Monday, January 28, 2008

State of the Union

I'm not watching the State of the Union speech tonight. I probably should, I should probably watch and play a drinking game or talk with some other political junkies I know. But I'm not going to, and do you know why? Because I already know what Bush is going to say. No I am not such an astute political observer that I can tell what he will discuss, or is discussing, as I type. I know it because the Bush folks have released excerpts from the speech and the news site have articles about it. Apparently there will be nothing new, just "hope," cribbing from Obama. Now, the point of me posting this is not to complain about this, though the pre-release of a speech seems stupid to me, it is to complain about how Yahoo news announces these things.

They put up articles that speak of the speech as if it already happened.

This annoys me to no end. They did the same thing last year. "Bush said this or that," and I'm reading the thing totally confused because I know for a fact that Bush didn't say anything, yet. One would assume that they might wait until after the speech, but I guess they live in the future.

Wednesday, January 23, 2008


I just went and got my textbooks for school. One of them I didn't get because it cost a hundred dollars. Instead I went online and got the previous edition for six dollars, including shipping. If this were a physics or chemistry text I might understand the need for a new edition, but this is an ethics text. The only difference between the two editions is the order the papers are in. I had the same experience with a Calculus text. The worst is that I know there are a ton of people out there who weren't able to return these books and got screwed out of a hundred bucks.

In conclusion, screw you textbook companies.

Monday, January 14, 2008

Hitler was a Vegetarian

Or not, but if he was would it matter to vegetarianism in general. Would it be an indictment of vegetarianism? I think not.

There is a post on an ethics blog about how saying that Islam is responsible for Bin Laden's actions is different than saying vegetarianism is responsible for Hitler's actions. The reasoning is that Islam is a religion open to violent interpretations.

While I agree that Islam is open to violent interpretation, as evidenced by the fact that people interpret it in a way that allows for violence, I think this is true of nearly every religion and ideology minus those that are explicitly pacifist. Being vegetarian isn't and ideology, nor is being atheist, despite the arguments form some theists otherwise. Islam of the form Bin Laden subscribes to is an ideology. I am at a loss to find a single political or Religious ideology which has been implemented on a broad scale that has not been responsible for some level of violence.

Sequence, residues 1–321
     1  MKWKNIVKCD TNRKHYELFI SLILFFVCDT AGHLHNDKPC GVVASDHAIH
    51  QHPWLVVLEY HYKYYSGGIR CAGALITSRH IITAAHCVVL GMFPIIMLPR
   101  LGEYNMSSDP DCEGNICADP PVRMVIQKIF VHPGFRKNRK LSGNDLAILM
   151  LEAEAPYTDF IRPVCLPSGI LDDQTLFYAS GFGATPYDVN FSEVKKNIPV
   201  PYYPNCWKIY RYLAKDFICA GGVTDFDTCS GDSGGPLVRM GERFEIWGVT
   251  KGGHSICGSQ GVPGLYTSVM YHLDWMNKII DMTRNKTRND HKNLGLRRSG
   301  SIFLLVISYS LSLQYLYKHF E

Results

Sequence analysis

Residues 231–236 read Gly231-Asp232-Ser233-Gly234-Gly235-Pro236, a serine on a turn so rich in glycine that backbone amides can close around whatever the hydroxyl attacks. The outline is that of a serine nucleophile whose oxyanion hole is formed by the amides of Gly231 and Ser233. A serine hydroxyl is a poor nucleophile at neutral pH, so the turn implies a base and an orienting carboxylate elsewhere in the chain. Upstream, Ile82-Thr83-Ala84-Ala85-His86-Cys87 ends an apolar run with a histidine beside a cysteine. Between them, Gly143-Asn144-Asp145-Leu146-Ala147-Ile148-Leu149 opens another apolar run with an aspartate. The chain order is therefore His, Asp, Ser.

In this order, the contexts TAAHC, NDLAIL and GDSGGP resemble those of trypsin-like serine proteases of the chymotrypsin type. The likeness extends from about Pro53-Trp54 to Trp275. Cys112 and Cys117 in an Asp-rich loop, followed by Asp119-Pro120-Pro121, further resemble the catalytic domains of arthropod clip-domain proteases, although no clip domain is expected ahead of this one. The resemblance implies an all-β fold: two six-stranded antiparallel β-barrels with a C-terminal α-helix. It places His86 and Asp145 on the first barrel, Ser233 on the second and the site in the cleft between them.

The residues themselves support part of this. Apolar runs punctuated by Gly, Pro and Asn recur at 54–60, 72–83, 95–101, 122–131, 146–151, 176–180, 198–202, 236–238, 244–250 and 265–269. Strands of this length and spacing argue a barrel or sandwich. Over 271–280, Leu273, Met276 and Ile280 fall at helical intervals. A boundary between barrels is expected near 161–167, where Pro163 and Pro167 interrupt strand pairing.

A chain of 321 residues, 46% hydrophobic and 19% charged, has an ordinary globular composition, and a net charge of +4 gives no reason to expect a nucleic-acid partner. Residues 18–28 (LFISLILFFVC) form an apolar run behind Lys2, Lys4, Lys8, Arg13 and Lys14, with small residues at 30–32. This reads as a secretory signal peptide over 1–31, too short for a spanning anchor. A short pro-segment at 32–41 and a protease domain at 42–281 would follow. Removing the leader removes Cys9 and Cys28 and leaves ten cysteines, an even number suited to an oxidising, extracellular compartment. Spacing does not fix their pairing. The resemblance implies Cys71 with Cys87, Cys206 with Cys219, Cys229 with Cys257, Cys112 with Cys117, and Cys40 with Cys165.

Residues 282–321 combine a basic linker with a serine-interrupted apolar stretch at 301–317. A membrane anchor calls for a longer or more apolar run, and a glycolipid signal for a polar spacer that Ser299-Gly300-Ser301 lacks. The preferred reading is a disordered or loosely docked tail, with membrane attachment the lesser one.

This is not to say that Islam is somehow less violent. I don't think that Islam is anything, it's a book and the sunna'. There are a number of interpretations of Islam that allow for violence, as there are interpretations of nearly every ideology. Look at the war in Iraq. One might argue that the justifications given by Bush about democracy and human rights are not "really" democratic or Liberal arguments, but that strikes me as a "true scotsman" argument. It is clear that Liberalism can be interpreted in a way that allows for destruction on a massive scale, but does that indict Liberalism or those who use that interpretation?

More on Naturalized Ethics

Steven Pinker, evolutionary psychologists extraordinaire, has an article in the New York Times called The Moral Instinct about evolution and, what else, the moral instinct.

It it he talks about morality and how our sense of moral outrage at certain things is a function of an evolved sense, though it isn't clear if he means this in a literal manner or figurative. He repeats all the experiments and research that has been done, and then jumps to conclusions. Again, he is an evolutionary psychologist, which means that evolution must obviously have a role in everything. Of course, the role of society is left on the wayside.

"The stirrings of morality emerge early in childhood. Toddlers spontaneously offer toys and help to others and try to comfort people they see in distress. And according to the psychologists Elliot Turiel and Judith Smetana, preschoolers have an inkling of the difference between societal conventions and moral principles. Four-year-olds say that it is not O.K. to wear pajamas to school (a convention) and also not O.K. to hit a little girl for no reason (a moral principle). But when asked whether these actions would be O.K. if the teacher allowed them, most of the children said that wearing pajamas would now be fine but that hitting a little girl would still not be."

Of course, children are socialized heavily by this age. Were they not, they would not understand that wearing pajamas to school was wrong, just that hitting others was.

This is not to say that biology and evolution play no role in our actions, moral or otherwise. Obviously they do. But, claims such as Pinker's seems to be stretching the evidence. It seems clear that there is some sort of biological basis for altruism, at least to the extent that our brain allows for it through socialization. But there is also a biological basis for selfishness, as evidenced by its existence.

Another problem is how Pinker thinks this affects our idea of what is moral. In all honesty, he isn't very clear about why the knowledge of why we act moral and why we think something is moral helps us in determining what is moral. Certainly he makes a case that it helps us understand the actions of others, but that doesn't require evolutionary psychology, just some social science. This is not a shortcoming he alone possesses. This is a fundamental problem that ethical naturalists have.